1. You will like something more if you have to work for it
This is called The Ikea Effect. It speaks to everyone who loves their desk because they spent a night crying tears of frustration into a glass of wine while they tried to follow the assembly pictures. Even if the result is low quality, you will value it more than something you didn’t labor on. This cognitive bias also explains why your friend who makes jewelry thinks her earrings are worth $25 when you could buy a similar pair at Forever 21 for $2.80.
2. We only remember peaks and ends
You know the saying “all’s well that ends well?” That’s how we perceive events. If something had a great climax and a great ending, we don’t care how crappy the rest of it is, we’ll remember it positively. This is the peak-end rule. Consider couples who are constantly getting back together. They don’t remember the everyday bickering, they just have a euphoric recall of the peak of their relationship, and how sad they were when it ended. Use this rule to hack your next vacation: save money by making it short (duration is irrelevant to how you’ll remember it), make sure you do one crazy thing and then go out with a bang on your last night.
3. When we’re poor, we bury our heads in the sand
Being aware of your financial situation is the best way to be in a good financial situation, but we have the opposite tendency. When you suspect you’re low on cash, you avoid gathering more information like checking your bank account balance. This is called the ostrich effect. The “if-I-can’t-see-it-it-can’t-hurt-me” rule that worked with monsters when you were a kid is alive and well in that pile of bills you’re too stressed to open.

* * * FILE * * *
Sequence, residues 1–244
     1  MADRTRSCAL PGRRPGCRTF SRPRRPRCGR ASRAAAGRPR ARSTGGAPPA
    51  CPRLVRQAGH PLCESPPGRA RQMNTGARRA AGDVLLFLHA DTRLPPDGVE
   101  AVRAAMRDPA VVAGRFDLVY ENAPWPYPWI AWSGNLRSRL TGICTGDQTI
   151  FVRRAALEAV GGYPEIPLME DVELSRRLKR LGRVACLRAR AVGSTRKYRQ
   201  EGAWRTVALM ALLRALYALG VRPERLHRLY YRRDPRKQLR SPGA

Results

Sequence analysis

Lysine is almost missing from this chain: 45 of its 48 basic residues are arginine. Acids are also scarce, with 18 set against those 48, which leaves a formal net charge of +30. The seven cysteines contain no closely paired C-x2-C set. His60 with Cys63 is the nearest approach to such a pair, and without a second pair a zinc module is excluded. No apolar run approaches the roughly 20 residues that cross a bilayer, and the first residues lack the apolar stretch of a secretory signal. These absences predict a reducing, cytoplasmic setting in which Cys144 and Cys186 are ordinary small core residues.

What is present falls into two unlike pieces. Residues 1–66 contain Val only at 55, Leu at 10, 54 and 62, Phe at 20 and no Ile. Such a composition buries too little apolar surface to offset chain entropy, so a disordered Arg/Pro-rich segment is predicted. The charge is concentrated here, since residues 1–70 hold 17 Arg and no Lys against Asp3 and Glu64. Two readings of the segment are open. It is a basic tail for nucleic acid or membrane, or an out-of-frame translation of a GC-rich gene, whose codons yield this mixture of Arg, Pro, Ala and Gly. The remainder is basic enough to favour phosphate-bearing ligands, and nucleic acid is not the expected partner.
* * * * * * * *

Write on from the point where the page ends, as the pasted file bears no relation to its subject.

4. We love hot people
We default to a physical attractiveness stereotype that people who are good looking are also great people on the inside. We trust them, we hire them and we want to be friends with them more than their okay looking peers. Did you know that attractive people make more money than average looking people? It’s because we overestimate their abilities. We see the product as matching the packaging.
5. We’re happiest when we have less options
My biggest pet peeve is going to a restaurant and the menu is five pages long. Um, hi I don’t have two hours to have an internal debate with myself about what to order. No matter what you get, the other possibilities are dancing around your brain. Maybe ahi tuna would have been a better choice?
6. Cramming doesn’t work
You retain information best when you learn it over a period of time rather than studying hard and fast. Sorry buddies, you have to go to class, actually.
7. Showering will make you feel better
When you feel guilty or ashamed about something, you also have feelings of being physically dirty. After helping her husband commit murder Lady MacBeth envisions blood on her hands, hence this is known as the Lady MacBeth effect. If you get in a fight with your friend and feel guilty about it, showering can wash those feelings away.